It has been enjoyable reading up on everyone’s blog posts. I agreed with some and disagreed with others. It was encouraging to know that some of you related to my financial/link illustration because I was beginning to think it was a long shot. I thought that the texts we were instructed to read were a good mix of different ideas of what a blog really is. I still agree with my own ideas of what a blog is from my post What Makes a Blog a Blog. By the same token, looking at other blogger’s opinions on what makes a blog a blog helped me formulate new ideas as well as revamping some of my own ideas.
On Jane’s Post, My understanding of a blog she mentioned that:
What A blog consists of posts made by the blog creator, aka blogger, containing personal remarks about various topics. The posts may persuade readers to think the same as the blogger, entertain the readers with comical anecdotes of day-to-day life, give factual information about a topic, or connect readers to similar information found elsewhere on the Web.
I think one of the most interesting elements of this post was that questions have been raised about whether the reader should be concerned with the blogger being “fake” in their blog posts. I myself have been putting a huge weight on trying to be very “real” on my blog. Personally, I try to be very “real” with my bloggers. However, what if I didn’t want to be real with my readers? What if I wanted to be my own fictional character?I think that would be an interesting angle as well. I thought it was funny that Jane quipped “a blog isn’t a dating site”. This is very true. Who cares if you’re real of fake? I think that is completely up to the blogger. The reader will only know what the blogger puts out there. They may be able to get a certain “image” or “understanding” of the blogger’s personality but this may be fictional. And that’s okay.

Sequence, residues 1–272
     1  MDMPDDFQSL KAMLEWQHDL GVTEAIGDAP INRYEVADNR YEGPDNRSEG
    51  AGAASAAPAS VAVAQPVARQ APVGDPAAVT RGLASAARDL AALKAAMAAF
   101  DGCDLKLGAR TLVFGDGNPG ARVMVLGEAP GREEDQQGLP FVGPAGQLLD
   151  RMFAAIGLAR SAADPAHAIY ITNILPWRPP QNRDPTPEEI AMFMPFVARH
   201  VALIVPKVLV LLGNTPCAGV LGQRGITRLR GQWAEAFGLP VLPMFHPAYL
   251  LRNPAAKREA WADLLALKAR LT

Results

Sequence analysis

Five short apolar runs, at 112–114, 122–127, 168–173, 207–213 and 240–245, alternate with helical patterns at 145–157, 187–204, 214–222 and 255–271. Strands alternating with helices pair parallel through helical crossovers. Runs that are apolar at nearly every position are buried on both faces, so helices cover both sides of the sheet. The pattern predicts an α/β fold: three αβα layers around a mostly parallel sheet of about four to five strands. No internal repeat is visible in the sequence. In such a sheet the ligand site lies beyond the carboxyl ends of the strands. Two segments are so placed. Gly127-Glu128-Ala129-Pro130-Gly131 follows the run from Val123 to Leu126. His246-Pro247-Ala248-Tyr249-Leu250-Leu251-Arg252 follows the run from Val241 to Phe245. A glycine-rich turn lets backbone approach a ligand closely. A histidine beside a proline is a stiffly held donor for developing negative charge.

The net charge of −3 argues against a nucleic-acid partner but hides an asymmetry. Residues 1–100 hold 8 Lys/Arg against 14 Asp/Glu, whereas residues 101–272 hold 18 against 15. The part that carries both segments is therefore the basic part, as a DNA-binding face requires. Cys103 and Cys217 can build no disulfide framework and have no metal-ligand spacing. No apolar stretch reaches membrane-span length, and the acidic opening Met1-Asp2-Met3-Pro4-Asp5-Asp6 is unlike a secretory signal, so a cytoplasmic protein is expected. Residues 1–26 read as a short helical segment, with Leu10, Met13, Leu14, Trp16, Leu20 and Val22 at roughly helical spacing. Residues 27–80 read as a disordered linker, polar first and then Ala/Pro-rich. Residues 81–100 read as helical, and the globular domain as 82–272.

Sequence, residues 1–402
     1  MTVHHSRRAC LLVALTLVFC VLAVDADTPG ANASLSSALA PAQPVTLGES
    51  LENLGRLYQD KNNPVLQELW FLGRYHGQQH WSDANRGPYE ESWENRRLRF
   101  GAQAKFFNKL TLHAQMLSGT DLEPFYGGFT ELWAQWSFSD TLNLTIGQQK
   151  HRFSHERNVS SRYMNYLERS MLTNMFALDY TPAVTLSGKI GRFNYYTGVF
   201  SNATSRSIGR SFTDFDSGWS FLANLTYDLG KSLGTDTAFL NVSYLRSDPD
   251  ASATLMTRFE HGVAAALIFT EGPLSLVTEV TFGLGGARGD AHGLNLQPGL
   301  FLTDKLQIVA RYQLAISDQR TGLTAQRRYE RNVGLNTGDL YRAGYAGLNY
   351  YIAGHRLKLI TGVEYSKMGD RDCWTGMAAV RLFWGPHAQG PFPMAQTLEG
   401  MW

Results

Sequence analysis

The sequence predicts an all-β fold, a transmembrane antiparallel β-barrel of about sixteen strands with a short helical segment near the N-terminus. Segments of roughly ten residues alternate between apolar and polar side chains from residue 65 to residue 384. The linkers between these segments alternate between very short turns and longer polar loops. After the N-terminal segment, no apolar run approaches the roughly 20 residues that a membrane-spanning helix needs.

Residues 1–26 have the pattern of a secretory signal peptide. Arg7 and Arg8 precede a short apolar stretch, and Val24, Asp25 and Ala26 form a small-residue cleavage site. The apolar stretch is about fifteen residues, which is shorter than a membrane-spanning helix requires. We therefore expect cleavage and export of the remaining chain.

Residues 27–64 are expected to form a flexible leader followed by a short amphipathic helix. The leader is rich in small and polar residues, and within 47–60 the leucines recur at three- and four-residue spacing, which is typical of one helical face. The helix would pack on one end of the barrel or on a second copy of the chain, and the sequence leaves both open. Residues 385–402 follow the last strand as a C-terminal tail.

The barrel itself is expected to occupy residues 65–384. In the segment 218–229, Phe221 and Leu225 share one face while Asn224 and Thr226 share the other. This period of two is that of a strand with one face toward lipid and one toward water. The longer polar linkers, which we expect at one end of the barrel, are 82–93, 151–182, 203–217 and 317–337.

In Eric’s blog post he talked about Himmer’s opinion of what a blog is. One page 1 Himmer mentioned that,
The weblog collapses many of the common assumptions made about texts, as it
complicates the distinction between author and audience through the multivocality of both direct commenting, and the reader’s ability to reorder the narrative in myriad ways. Owing to its ongoing creation over an undefined period of time, the weblog becomes a text that constantly expands through the input of both readers and writers.
I think that’s Himmer’s description is very accurate and one of the best descriptions of what a blog is. I don’t necessarily agree that the reader will see who the author is as a person though. I read a text last semester called “Death of the Author” and it was about how good writing has authors that are “dead”. If a text becomes too intertwined with the authors it might change the audience’s opinion on the piece. I think that with personal blogs it’s a good idea to include your own opinions but with other blogs it might be best to steer clear of them.